Bruno could land job with friend

July 16, 2008 5:42:15 PM PDT
When longtime Senate Majority Leader Joseph Bruno retires this week from the Senate seat he's held since 1976, he could land a job with a friend whose business grew fast in recent years with the help of millions of dollars in state contracts, according to two Republicans close to Bruno. The Republicans who spoke on the condition of anonymity said Bruno is considering taking an executive job with CMA Consulting Services among some other opportunities. The Republicans spoke on the condition of anonymity because they weren't authorized to speak for Bruno.

Under state ethics law, Bruno acknowledged that he would be prohibited from lobbying the Legislature.

But Walter Ayres of the state Public Integrity Commission said there appears to be no law or regulation that would prohibit Bruno from lobbying the executive branch, which awards most state contracts.

CMA Consulting Services, based in the Albany County suburb of Colonie, is headed by Kay McCabe Stafford, the widow of Republican Sen. Ronald Stafford. Sen. Stafford was a close friend and contemporary of Bruno, now 79. Bruno had appointed Stafford to the powerful position of Senate Finance Committee chairman.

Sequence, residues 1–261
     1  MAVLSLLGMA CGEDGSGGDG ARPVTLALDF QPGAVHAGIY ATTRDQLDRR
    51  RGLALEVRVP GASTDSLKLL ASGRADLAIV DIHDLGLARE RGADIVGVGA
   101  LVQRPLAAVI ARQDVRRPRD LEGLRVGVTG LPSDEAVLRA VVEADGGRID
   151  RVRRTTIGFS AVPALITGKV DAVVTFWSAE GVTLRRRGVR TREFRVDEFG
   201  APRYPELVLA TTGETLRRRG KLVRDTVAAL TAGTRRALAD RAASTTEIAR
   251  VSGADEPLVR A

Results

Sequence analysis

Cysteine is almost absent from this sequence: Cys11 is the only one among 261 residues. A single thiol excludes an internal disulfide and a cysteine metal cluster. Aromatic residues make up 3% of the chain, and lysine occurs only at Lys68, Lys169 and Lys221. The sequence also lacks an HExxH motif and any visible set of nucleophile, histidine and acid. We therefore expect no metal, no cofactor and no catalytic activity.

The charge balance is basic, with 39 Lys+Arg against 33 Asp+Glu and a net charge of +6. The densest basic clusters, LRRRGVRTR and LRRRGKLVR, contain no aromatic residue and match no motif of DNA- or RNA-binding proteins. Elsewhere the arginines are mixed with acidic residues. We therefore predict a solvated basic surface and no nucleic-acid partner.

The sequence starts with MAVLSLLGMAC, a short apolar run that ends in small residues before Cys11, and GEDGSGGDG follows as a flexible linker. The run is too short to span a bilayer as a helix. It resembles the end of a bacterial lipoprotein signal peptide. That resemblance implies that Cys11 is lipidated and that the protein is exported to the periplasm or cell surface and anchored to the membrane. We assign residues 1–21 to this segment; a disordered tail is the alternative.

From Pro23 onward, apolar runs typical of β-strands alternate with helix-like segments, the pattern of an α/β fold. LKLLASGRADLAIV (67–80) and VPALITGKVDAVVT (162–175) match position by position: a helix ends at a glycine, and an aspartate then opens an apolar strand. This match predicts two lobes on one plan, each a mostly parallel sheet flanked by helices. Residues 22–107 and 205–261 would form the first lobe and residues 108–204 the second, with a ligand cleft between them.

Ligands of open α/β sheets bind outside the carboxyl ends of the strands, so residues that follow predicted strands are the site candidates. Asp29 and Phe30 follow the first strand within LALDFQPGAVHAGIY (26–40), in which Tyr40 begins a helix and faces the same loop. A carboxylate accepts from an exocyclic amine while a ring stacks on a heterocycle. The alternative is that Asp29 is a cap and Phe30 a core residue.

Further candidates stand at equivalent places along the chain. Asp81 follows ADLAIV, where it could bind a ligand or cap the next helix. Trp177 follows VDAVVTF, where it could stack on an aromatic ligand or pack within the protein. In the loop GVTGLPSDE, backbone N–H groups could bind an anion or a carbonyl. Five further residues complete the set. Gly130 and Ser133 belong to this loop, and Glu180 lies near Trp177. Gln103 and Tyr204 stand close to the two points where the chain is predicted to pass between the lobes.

Kay Stafford was also appointed by former Republican Gov. George Pataki, a Bruno ally, to the State University of New York Board of Trustees, an unpaid but prestigious post in state government.

But the Albany connections go deeper.

CMA under CEO Kay Stafford was certified as a woman-owned business, which helps companies start and grow through help in landing state contracts.

And CMA has won more than $9 million in competitively bid contracts since 2006 for computer programming and information technology, according to state records. They helped the company grow since 1984 to a national corporation with offices in New York City, Maryland serving Washington, D.C., Texas and Arizona. Its Web site states the company serves Texas to Oregon and Guam to Maine.

Bruno praised the company Wednesday in a radio interview on WGDJ-AM Radio in Albany, saying he would announce as early as Sunday where he will next be employed.

"He hasn't reached a decision on what he's going to do," said Bruno's Senate spokesman Kriss Thompson. "He's mulling a couple of opportunities. He has narrowed his choices."

Thompson wouldn't comment on whether CMA was among those choices.

"He's going to take a little time, and probably not much time, to see how to write the next chapter of his life," Thompson said.

CMA spokesman Sean Casey wouldn't comment on whether Bruno is being considered for a position.

A good-government advocate advises Bruno to seek counsel if he were to choose to work for CMA.

"I don't know of any limitations that might exist," said Blair Horner of the New York Public Interest Research Group. "I think it would be in the senator's interest and the public's interest if he got an opinion from the Public Integrity Commission on what he can and can't do."

"He's different than a rank-and-file legislator," Horner said. "He was one of the `three-men-in-a-room' and a powerful political figure for well over a decade. So his relationship with the executive branch is different than a backbencher," he said, using a British term for low-ranking lawmakers.